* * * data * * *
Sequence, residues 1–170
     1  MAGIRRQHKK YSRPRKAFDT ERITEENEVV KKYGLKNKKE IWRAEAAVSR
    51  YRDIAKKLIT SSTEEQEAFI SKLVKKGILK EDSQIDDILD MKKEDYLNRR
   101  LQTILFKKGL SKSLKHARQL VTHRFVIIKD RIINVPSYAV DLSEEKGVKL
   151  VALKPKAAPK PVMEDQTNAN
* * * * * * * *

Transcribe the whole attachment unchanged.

Sequence, residues 1–170
     1  MAGIRRQHKK YSRPRKAFDT ERITEENEVV KKYGLKNKKE IWRAEAAVSR
    51  YRDIAKKLIT SSTEEQEAFI SKLVKKGILK EDSQIDDILD MKKEDYLNRR
   101  LQTILFKKGL SKSLKHARQL VTHRFVIIKD RIINVPSYAV DLSEEKGVKL
   151  VALKPKAAPK PVMEDQTNAN